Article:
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CRITERIA FOR SELECTING PARTNERS Finding maintenance practices that lead to better performance is an important objective of customer-driven benchmarking. The criteria that you use to select partners should be consistent with this objective. Initial Agreement on What to Benchmark As explained earlier, customer-driven benchmarking requires that a maintenance agency define its purpose and function in terms of a set of products and services that it provides to its customers (e.g., a smooth ride); the important attributes of each product or service (e.g., a smooth pavement surface); and customer-driven outcome measures (e.g., the International Roughness Index, Customer Satisfaction Rating) related to each attribute. There are many demanding steps to go through, and it is likely that neither you nor most of your partners have been through this process. In the absence of a mutually agreeable set of products and services, each agency can agree to the general area that they want to benchmark, perhaps focusing upon the types of maintenance assets of mutual interest. The benchmarking partnership should not admit organizations that cannot agree on the same general focus as the other partners. Suppose that the organizations of a benchmarking partnership are primarily interested in providing higher quality and more effective signage to customers. An agency that is only interested in benchmarking its performance in delivering a comfortable ride to customers would not be a good candidate for the partnership. Cooperation and Willingness to Share Information Partners need to demonstrate cooperation and a willingness to share information. The lead benchmarking organization needs to be assured that each participant will use agreed-upon measures, collect accurate data for each benchmarking unit, share the data with the partners, document existing practices, and share information on best practices with all the benchmarking partners. The more open and forthcoming potential partners are in 31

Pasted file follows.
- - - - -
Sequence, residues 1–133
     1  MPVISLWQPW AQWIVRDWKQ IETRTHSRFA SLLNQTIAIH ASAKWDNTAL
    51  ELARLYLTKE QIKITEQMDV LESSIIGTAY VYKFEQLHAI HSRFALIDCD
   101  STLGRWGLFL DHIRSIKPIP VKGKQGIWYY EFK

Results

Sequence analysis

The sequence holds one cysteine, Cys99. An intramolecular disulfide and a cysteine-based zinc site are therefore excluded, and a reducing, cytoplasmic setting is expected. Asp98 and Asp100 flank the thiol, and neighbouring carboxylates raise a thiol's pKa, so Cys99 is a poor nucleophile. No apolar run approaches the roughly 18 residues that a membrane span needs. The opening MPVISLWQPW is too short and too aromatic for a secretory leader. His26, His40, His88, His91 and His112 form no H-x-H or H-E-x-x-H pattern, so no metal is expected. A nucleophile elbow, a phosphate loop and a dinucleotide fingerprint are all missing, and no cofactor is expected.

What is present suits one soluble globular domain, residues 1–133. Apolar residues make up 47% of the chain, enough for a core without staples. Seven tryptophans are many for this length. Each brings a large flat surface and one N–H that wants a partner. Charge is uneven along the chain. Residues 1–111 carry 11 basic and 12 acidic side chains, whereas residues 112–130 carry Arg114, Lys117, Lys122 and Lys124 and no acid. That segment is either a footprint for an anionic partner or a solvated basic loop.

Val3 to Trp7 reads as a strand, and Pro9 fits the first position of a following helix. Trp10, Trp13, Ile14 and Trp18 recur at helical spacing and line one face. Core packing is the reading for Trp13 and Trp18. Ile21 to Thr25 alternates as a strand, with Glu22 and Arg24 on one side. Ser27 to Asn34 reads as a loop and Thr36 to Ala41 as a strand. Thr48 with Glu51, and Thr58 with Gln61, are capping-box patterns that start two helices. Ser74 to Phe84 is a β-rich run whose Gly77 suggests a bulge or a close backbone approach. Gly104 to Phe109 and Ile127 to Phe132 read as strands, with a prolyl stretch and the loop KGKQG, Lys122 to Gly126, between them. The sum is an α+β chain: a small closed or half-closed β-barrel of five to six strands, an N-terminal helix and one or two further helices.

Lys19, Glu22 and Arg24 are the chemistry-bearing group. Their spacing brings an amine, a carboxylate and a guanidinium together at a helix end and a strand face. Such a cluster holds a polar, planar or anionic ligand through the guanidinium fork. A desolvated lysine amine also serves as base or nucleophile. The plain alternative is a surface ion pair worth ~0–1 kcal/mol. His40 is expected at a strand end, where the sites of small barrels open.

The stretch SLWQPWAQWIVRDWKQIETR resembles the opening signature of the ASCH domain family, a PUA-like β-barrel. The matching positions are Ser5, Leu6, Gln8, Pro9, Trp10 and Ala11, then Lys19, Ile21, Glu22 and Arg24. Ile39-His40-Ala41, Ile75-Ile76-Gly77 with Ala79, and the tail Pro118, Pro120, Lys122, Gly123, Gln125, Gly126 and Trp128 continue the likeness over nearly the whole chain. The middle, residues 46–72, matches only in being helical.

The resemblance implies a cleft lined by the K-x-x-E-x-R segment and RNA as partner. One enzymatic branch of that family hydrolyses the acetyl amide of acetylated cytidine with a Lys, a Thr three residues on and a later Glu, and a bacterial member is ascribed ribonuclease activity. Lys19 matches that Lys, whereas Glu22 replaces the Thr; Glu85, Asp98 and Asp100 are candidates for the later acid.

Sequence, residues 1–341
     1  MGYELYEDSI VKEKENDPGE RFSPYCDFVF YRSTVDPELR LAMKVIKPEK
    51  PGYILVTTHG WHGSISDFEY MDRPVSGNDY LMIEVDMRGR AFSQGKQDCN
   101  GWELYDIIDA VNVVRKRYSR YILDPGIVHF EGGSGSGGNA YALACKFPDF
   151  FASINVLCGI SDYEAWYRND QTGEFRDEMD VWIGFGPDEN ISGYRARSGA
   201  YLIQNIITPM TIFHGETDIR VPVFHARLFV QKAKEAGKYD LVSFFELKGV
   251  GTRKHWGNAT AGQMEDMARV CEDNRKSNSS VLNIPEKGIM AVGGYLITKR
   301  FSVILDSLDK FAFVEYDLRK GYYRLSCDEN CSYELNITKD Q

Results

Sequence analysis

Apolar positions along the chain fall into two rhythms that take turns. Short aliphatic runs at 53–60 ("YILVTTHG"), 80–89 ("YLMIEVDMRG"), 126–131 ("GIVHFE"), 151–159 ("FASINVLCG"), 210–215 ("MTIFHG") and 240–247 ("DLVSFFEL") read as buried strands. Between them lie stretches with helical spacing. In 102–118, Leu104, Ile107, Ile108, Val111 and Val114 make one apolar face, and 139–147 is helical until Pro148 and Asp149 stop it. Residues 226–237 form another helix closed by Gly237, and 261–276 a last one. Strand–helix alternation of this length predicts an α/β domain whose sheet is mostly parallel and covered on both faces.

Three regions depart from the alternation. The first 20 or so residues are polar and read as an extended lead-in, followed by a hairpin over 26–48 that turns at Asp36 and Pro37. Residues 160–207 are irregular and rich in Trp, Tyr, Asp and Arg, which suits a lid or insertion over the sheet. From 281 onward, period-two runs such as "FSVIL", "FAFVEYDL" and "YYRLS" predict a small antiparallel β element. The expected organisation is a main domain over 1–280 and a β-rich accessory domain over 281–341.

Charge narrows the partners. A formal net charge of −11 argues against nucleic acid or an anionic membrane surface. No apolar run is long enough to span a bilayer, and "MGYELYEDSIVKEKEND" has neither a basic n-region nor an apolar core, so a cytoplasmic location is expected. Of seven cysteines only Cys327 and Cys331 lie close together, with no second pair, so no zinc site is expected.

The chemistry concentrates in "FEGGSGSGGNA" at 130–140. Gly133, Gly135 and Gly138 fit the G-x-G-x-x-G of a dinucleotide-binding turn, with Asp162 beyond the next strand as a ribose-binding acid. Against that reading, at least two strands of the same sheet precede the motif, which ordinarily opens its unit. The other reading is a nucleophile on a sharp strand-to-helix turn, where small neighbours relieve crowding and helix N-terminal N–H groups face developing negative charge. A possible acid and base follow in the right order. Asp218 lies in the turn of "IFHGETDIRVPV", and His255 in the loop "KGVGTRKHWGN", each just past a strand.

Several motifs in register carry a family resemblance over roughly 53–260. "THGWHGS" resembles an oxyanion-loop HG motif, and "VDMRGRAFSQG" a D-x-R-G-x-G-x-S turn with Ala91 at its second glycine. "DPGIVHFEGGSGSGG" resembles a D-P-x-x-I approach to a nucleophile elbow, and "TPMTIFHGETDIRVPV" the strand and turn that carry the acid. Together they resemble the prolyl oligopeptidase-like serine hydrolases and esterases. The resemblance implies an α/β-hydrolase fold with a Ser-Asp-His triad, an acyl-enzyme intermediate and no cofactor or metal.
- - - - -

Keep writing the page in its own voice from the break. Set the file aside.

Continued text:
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Chapter 2: Selecting Benchmarking Partners preliminary discussions about their degree of commitment and the quality of existing performance information, the more likely it is that they will cooperate and share information. Willingness to Create Common Measures A community of organizations that uses or has adopted common customer-driven performance measures represents a major target of opportunity to develop a set of benchmarking partners. However, in the early 2000s, it is unlikely that you will find organizations external to yours that use precisely the same measures that you use or would like to use. Customer-driven benchmarking requires common types of data to create common measures of performance. For example, if one agency measures sign quality through rigorous retro-reflectivity measurements and customer surveys and a second agency measures sign quality through "windshield surveys," you cannot compare performance. An essential criteria for selecting a partner is its willingness to work with others to define common measures of performance and to develop data collection procedures that will be used by everyone. Some agencies have defined their own performance measures, data requirements, and data collection procedures and are not willing to consider changes that will be necessary for a particular benchmarking partnership. These agencies are not suitable members of the partnership. Commitment to Data and Measurement Quality Benchmarking does not require "audit quality data," but it will fail without continually paying adequate attention to data and measurement quality. Each benchmarking partner needs to be willing to submit to a benchmarking process that instills faith in all partners that measurements are accurate and reliable enough to serve as the basis for identifying best practices and improvement opportunities. If you think a partner's commitment to measurement quality is weak, you should seek partners elsewhere. 32